Several authors have suggested that the Beaker culture of Central and Western Europe, was a candidate for an early Indo-European culture, more for an ancestral European branch of Indo-European dialects, termed "North-west Indo-European", ancestral to Celtic, Italic and Balto-Slavic. All these groups were descended from Proto-Indo-European speakers from Yamna-culture, whose migrations in Central Europe split off Pre-Italic, Pre-Celtic and Pre-Germanic from Proto-Indo-European. Leaving archaeology aside, the geographical distribution of the ancient languages of the peninsula may plausibly be explained by the immigration of successive waves of peoples with different languages, according to Cornell. On this model, it appears that the "West Italic" group were the first wave and displaced by, the East Italic group; this is deduced from the marginal locations of the surviving West Italic niches. Besides Latin, putative members of the West Italic group are Faliscan, Venetic and Sicel, spoken in central Sicily.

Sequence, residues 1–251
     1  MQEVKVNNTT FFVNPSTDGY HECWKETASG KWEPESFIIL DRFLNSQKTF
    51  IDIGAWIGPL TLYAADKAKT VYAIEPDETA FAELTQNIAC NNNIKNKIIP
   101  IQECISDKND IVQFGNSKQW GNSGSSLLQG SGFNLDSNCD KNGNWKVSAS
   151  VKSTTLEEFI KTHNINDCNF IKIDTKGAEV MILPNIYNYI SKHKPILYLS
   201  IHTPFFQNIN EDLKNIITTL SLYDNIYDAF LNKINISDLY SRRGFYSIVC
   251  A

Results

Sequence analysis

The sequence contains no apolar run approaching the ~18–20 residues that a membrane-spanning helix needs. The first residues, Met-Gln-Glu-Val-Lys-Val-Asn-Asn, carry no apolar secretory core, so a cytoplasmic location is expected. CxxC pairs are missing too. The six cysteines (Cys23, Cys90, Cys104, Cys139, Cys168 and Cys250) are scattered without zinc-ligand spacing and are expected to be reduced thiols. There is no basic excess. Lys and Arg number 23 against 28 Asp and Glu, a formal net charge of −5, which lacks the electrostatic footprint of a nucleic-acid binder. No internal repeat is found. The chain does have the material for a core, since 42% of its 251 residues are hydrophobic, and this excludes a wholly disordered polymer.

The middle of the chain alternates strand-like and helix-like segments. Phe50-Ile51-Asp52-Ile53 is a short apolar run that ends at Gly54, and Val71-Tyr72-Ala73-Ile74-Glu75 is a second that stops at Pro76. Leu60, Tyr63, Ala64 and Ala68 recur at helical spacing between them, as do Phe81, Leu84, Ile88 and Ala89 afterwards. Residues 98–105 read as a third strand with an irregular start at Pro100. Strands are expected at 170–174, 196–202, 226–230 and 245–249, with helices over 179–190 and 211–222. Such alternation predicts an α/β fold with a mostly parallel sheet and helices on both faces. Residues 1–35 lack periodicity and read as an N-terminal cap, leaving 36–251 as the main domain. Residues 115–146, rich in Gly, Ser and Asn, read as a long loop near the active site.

The West Italic languages were thus spoken in limited and isolated areas, whereas the "East Italic" group comprised the Oscan and Umbrian dialects spoken over much of central and southern Italy. However, the chronology of Indo-European immigration remains elusive, as does the relative chronology between the Italic IE languages and the non-IE languages of the peninsula, notably the Etruscan. Most scholars consider that Etruscan is a pre-IE survival, part of a Mediterranean linguistic substratum; some authors believe that, before the spread of the Gaulish language in the plain of the river Po from c. 400 BC onwards and central Italy were dominated by non-IE languages: Etruscan, which shared some similarities with the Raetic, the non-IE Ligurian and the language of the undeciphered Novilara inscriptions from the region around Ancona on the Adriatic coast. However, Etruscan could have been introduced by migrants; the ancient Greek historian Herodotus preserves the tradition that the Tyrrhenoi originated in Lydia in Anatolia.